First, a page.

U Thant

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Thant, U

(o͞o thänt), 1909–74, Burmese diplomat, secretary-general of the United NationsUnited Nations
(UN), international organization established immediately after World War II. It replaced the League of Nations. In 1945, when the UN was founded, there were 51 members; 193 nations are now members of the organization (see table entitled United Nations Members).
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 (1962–72). Educated at University College, Yangon, he later held positions in education, the press, and broadcasting. He was with the Burmese ministry of information (1949–57) and served as chairman of the Burmese delegation to the United Nations from 1947. In 1953 he was appointed Burma's permanent representative to the United Nations.

Thant succeeded Dag HammarskjöldHammarskjöld, Dag
, 1905–61, Swedish statesman, secretary-general of the United Nations (1953–61). He attended the universities of Uppsala and Stockholm (Ph.D., 1934).
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 as acting secretary-general of the United Nations in 1961 and was elected secretary-general in 1962. In the early years of his tenure, he was deeply involved in the settlement of major international disputes, including the transfer of Netherlands New Guinea (now Papua and West Papua prov.) to Indonesia (1962); the removal of Soviet missiles from Cuba (1962); the resolution of the civil war in the Congo in 1963; the establishment of a peacekeeping force on Cyprus (1964); and the achievement of a cease-fire in the 1965 India-Pakistan War.

Elected to a second term in 1966, U Thant had less success in dealing with the major crises of this later period, which included the Vietnam War, the Middle East crisis, and another India-Pakistan War (1971), among others. This declining role in international peacekeeping was offset by a greatly increased UN involvement in the economic and social development of the Third World countries, which by that time made up a large majority of the United Nations. U Thant was never able to solve the chronic problem of financing UN operations.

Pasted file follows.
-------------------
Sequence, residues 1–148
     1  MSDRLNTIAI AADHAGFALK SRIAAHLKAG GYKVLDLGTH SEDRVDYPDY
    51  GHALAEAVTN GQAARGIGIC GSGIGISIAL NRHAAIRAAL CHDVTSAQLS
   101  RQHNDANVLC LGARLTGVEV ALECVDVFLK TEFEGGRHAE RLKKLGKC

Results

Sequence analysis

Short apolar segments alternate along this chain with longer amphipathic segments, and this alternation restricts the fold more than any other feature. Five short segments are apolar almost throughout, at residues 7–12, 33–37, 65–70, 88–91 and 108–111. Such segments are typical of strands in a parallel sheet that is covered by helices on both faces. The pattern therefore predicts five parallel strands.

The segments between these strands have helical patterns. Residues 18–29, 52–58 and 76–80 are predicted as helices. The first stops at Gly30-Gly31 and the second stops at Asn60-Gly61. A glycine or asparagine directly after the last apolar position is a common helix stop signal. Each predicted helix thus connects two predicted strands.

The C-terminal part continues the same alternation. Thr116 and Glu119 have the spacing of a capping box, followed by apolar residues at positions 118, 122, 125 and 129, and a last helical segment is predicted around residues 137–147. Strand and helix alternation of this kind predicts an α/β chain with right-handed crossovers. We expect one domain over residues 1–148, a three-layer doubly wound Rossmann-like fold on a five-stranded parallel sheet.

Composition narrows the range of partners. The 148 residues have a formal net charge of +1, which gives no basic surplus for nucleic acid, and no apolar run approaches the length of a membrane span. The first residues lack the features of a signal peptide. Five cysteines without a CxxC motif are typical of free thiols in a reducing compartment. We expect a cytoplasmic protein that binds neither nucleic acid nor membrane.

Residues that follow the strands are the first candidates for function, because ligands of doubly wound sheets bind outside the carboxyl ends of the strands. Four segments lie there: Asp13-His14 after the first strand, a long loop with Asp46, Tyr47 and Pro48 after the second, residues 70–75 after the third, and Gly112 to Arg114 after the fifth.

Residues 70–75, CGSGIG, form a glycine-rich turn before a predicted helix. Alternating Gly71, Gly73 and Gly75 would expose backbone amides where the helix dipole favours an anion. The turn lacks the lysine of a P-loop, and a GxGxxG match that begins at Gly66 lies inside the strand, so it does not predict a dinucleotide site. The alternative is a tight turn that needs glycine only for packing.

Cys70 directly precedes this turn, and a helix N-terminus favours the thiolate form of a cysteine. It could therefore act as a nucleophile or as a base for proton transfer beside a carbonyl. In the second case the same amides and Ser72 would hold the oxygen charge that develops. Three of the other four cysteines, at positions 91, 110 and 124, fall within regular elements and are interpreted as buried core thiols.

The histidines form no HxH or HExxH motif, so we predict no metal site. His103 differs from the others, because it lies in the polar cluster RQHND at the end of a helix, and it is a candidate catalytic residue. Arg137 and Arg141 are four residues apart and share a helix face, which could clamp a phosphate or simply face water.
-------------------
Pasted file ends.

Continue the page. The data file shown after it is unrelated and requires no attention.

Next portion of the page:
In 1972, after declining another term, he was succeeded as secretary-general by Kurt WaldheimWaldheim, Kurt
, 1918–2007, Austrian diplomat, secretary-general of the United Nations (1972–81) and president of Austria (1986–92). He entered diplomatic service after World War II, serving in France and Canada.
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. He wrote several books, including Cities and Their Stories (1930), The League of Nations School Book (1932), Towards a New Education (1946), and a History of Postwar Burma (3 vol., 1961).


See a selection of his writings and speeches in Portfolio for Peace (1968); study by J. Bingham (1966).

References in periodicals archive ?
Saying that "The United Nations needs completely self-sacrificing and self-giving servers" (26) Sri Chinmoy holds up as paradigmatic the lives of Dag Hammarskjold and his successor, U Thant.
U Thant succeeded Dag Hammarskjold as Secretary-General in 1961 after Hammarskjold died in a plane crash outside the then Northern Rhodesian town of Ndola.
U Thant personally supported Sri Chinmoy's meditations for peace and other initiatives at the United Nations.
U Thant had wanted the United Nations to be from time to time a place where the world's religions would meet for dialogue.
36) The union of meditation with self-offering action is the ideal, as exemplified by Dag Hammarskjold and U Thant.
Secretary General U Thant, and Under Secretary of State Ellio Richardson were urging the Biafran authorities to cooperate more with international relief efforts, while saying nothing about the atrocities committed by Nigerian government troops.
In April 2002, he was honored with the prestigious U Thant Peace Award.
In his October speech accepting the appointment, Ban referred to a predecessor, U Thant of Myanmar (formerly Burma), for having "ably served the world four decades ago.
On Sunday, he also paid his respects at the tomb of former Burmese diplomat UN secretary general U Thant.
In 1970, then-UN Secretary-General U Thant, a Burmese Marxist, praised Lenin's vision as "in line with the aims of the UN Charter.
UN Secretary-General U Thant Quoted by the Los Angeles Times, April 7, 1970
Former UN Secretary-General U Thant praised founding Soviet dictator V.